We are only at the beginning of 2022 and it looks like it is going to be an interesting year for the Distributed Denial of Service (DDoS) landscape. We recently mitigated a ransom DDoS attack on a single website which reached a rate of 2.5 million requests per second (Mrps). And while ransom DDoS attacks are not new, they appear to be evolving and becoming more interesting with time and with each new phase. For example, we’ve seen instances where the ransom note is included in the attack itself embedded into a URL request.
One of several ransom notes received by the customer before the attack started
A ransom note as part of the attack? Really?
Yes. Increasingly, we are observing more cases like this where the ransom note has been included as part of the attack itself, perhaps as a reminder to the target to send their bitcoin payment. Of course once the target receives this note the attack is already underway adding a sense of urgency to the threat. In the case of the 2.5 Mrps DDoS attack, the target had received several warning ransom notes before the first attack began.
This tactic is not a one-off either. In the same DDoS attack, Imperva mitigated over 12 million such embedded requests targeting random URLs on the same site.
The following sinister message was incorporated into one of the URLs targeted.
And the threats didn’t stop there. The following day on the same site, Imperva mitigated over 15 million requests this time with the URL containing a different message but using the same scare tactics warning the CEO that they are going to destroy the company’s stock price if they don’t pay up.
To show they mean business the attackers claim responsibility for a previous attack on the service provider Bandwidth, naming themselves the well-known Ransomware as a service (RaaS) operator REvil . It is not clear however whether the threats were really made by the original REvil group or by an imposter.
2.5 million requests per second in under a minute
Throughout the course of the same day the targeted company was hit by several DDoS attacks; the largest of which lasted less than one minute and measured up to 2.5 Mrps, setting a new mitigation record for Imperva. Multiple sites from the same company came under attack with one site sustaining an attack lasting around 10 minutes. The attackers applied sophisticated tactics to avert mitigation with the ransom messages and attack vectors changing constantly. At the same time, to shock the target, the payment amounts demanded kept increasing in size. Despite these tactics Imperva successfully mitigated all of the attacks and demonstrated how important it is to have a fast, accurate and automated DDoS solution in place.
The story did not end there for the customer as the attacks continued for several days; sometimes lasting up to several hours and in 20 percent of cases reaching a size of between 90 and 750 thousand requests per second (Krps) as the chart below shows.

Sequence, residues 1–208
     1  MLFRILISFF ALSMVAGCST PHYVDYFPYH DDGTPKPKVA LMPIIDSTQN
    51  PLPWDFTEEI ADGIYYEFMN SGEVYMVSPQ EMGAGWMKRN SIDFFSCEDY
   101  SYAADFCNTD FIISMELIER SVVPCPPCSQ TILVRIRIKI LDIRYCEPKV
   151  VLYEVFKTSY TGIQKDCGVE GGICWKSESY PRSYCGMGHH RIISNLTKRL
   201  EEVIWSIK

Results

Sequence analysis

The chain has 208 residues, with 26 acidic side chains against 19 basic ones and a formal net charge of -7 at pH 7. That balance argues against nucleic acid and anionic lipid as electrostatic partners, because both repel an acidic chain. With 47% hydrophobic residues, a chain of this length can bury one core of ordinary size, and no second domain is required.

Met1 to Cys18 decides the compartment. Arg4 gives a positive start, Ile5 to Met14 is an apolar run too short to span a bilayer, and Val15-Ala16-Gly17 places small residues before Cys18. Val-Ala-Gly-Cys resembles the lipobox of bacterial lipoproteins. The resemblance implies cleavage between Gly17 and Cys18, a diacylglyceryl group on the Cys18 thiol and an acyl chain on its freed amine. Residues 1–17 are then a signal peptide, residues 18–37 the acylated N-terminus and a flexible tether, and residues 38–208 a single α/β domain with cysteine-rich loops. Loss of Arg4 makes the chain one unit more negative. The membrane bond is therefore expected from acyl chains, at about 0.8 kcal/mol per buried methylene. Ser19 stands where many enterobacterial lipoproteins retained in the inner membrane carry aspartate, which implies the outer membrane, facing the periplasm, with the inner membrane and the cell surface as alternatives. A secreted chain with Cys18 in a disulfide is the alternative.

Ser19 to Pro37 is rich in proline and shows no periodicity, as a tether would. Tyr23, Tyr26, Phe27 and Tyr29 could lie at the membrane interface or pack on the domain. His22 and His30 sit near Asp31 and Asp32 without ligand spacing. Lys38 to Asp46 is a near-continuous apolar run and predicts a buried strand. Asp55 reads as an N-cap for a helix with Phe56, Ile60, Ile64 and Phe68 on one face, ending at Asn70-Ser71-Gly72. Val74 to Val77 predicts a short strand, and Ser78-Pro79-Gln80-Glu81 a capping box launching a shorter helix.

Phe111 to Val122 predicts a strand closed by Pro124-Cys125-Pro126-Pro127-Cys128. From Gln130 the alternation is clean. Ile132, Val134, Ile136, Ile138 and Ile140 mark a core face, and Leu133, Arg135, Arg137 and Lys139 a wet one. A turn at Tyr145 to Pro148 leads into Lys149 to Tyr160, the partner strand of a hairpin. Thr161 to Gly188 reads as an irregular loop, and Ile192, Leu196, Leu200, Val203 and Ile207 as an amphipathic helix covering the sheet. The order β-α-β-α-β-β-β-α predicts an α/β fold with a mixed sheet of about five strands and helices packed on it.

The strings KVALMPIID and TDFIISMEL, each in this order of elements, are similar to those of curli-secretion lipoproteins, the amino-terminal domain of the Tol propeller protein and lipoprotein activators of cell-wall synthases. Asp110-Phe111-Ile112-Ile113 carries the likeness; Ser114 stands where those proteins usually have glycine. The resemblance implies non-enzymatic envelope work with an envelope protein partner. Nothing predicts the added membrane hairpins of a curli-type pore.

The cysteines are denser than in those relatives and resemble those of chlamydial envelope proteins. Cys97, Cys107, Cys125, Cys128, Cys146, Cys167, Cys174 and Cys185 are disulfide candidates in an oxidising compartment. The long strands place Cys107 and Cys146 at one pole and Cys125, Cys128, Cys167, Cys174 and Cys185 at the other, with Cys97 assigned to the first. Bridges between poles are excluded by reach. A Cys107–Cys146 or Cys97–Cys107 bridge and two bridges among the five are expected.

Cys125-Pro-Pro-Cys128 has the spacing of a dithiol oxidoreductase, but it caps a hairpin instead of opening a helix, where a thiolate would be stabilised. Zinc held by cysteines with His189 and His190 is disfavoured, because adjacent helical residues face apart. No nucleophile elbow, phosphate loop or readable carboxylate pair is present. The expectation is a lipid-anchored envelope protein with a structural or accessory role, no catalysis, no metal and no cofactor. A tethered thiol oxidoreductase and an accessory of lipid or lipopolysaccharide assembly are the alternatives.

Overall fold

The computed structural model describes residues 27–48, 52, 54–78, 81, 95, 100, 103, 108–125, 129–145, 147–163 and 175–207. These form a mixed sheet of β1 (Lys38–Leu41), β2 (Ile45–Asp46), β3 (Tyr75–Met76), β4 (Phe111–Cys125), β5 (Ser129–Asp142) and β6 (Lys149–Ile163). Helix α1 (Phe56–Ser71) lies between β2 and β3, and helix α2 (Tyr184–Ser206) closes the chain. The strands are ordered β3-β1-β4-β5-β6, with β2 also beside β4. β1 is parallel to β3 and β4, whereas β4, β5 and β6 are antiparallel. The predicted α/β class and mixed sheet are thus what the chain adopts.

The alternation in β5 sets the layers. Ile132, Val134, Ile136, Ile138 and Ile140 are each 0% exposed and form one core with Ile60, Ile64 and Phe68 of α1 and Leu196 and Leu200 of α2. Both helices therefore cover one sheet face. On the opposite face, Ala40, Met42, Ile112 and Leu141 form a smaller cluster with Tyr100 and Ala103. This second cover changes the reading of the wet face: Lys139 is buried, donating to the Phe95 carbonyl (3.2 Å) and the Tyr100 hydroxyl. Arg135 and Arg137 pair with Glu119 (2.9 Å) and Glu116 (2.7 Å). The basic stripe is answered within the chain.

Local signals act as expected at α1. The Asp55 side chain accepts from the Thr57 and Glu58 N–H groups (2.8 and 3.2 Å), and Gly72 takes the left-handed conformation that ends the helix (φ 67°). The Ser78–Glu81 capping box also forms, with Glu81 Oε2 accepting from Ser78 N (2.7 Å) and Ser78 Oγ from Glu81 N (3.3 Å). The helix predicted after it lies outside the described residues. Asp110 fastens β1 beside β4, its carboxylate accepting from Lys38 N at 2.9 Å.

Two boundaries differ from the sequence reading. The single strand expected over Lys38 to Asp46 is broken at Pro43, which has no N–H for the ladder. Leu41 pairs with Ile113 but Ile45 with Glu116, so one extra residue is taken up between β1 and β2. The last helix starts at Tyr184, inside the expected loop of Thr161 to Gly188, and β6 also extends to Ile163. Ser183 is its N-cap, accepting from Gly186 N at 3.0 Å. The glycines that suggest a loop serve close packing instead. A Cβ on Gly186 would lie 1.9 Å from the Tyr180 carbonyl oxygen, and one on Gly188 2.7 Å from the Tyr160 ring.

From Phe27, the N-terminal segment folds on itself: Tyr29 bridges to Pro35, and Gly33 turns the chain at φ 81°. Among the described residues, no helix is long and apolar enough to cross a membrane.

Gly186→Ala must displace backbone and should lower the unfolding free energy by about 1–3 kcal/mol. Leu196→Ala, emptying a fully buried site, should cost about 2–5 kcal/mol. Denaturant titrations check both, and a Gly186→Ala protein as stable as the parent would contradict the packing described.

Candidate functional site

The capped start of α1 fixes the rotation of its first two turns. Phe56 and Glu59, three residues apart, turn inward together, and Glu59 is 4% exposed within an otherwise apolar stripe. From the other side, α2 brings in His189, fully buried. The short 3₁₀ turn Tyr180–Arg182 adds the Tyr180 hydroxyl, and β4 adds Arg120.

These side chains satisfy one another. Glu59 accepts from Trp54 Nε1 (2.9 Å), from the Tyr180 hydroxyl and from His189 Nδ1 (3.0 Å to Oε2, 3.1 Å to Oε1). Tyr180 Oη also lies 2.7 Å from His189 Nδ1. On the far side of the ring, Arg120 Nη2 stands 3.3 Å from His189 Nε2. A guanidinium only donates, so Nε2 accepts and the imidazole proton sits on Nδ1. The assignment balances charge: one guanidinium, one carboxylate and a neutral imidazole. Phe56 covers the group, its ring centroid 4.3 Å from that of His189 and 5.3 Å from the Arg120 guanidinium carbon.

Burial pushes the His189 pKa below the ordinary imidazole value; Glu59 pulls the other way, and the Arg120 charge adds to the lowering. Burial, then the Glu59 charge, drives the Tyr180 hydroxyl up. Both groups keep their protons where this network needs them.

The attacks originated from 34,815 sources and looking at the number of requests per source, there were 2 million requests per IP sent from the top sources during the attack.
The top source locations for the 2.5 Mrps attack were Indonesia followed by the United States. And we have seen a pattern emerging of almost identical source locations for different attacks indicating that the same botnet was used many times.
We have a strong indication that the Meris botnet played a role in these attacks. Although CVE-2018-14847 was published a while ago, attackers can still take advantage of it. The CVE refers to a MikroTik vulnerability where thousands of internet of things (IoT) devices, in this case a huge number of MikroTik routers, were manipulated to create a botnet network which can still be used to carry out DDoS and other forms of attack.
In terms of bandwidth, the results reached a volume of 1.5Gbps of TCP traffic. The dashboard below represents the traffic in our scrubbing centers, before it reached our proxies that mitigated the attacks in the application layer:
Threat intelligence and Bot protection
Despite the changing attack patterns, Imperva successfully mitigated the attacks within seconds using mainly threat intelligence, as the sources were known to us as malicious; and bot protection, as the clients were impersonating a legitimate browser or google bot. While the largest attack measured 2.5 Mrps the graph below shows how we blocked over 64 million requests in under one minute.
We have since monitored a repeat of this attack pattern against several other customers. While each of the targets receives a unique bitcoin address they are all part of the same coordinated attack.
The types of sites the threat actors are after appear to be business sites focusing on sales and communications. Targets tend to be US- or Europe-based with the one thing they all have in common being that they are all exchange-listed companies and the threat actors use this to their advantage by referring to the potential damage a DDoS attack could do to the company stock price. See example below.
Ransom within a ransom
Another example of a threat embedded in the attack itself was found in a GET request sent with a link to a notepad.com note.
Another note (below) contains the now familiar pattern of a ransom demand for payment in bitcoin.
As the REvil threat gang mentioned, we can expect more of the same throughout 2022. If you don’t already have DDoS Protection in place, now is a good time to prepare for a potential attack. Find out more about Imperva DDoS Protection here.
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